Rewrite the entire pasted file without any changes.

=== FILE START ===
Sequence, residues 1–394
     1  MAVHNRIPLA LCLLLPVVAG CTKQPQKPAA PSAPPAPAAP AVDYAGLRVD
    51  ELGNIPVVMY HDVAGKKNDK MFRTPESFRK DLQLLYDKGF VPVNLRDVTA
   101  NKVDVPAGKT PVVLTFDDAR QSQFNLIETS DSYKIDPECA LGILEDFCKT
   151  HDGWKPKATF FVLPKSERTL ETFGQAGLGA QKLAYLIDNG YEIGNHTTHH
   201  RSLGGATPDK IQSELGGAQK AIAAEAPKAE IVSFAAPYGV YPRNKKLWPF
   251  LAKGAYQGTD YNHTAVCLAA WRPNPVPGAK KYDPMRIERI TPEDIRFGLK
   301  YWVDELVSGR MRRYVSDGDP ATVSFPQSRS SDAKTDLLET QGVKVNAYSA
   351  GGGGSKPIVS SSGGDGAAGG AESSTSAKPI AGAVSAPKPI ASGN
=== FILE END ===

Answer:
Sequence, residues 1–394
     1  MAVHNRIPLA LCLLLPVVAG CTKQPQKPAA PSAPPAPAAP AVDYAGLRVD
    51  ELGNIPVVMY HDVAGKKNDK MFRTPESFRK DLQLLYDKGF VPVNLRDVTA
   101  NKVDVPAGKT PVVLTFDDAR QSQFNLIETS DSYKIDPECA LGILEDFCKT
   151  HDGWKPKATF FVLPKSERTL ETFGQAGLGA QKLAYLIDNG YEIGNHTTHH
   201  RSLGGATPDK IQSELGGAQK AIAAEAPKAE IVSFAAPYGV YPRNKKLWPF
   251  LAKGAYQGTD YNHTAVCLAA WRPNPVPGAK KYDPMRIERI TPEDIRFGLK
   301  YWVDELVSGR MRRYVSDGDP ATVSFPQSRS SDAKTDLLET QGVKVNAYSA
   351  GGGGSKPIVS SSGGDGAAGG AESSTSAKPI AGAVSAPKPI ASGN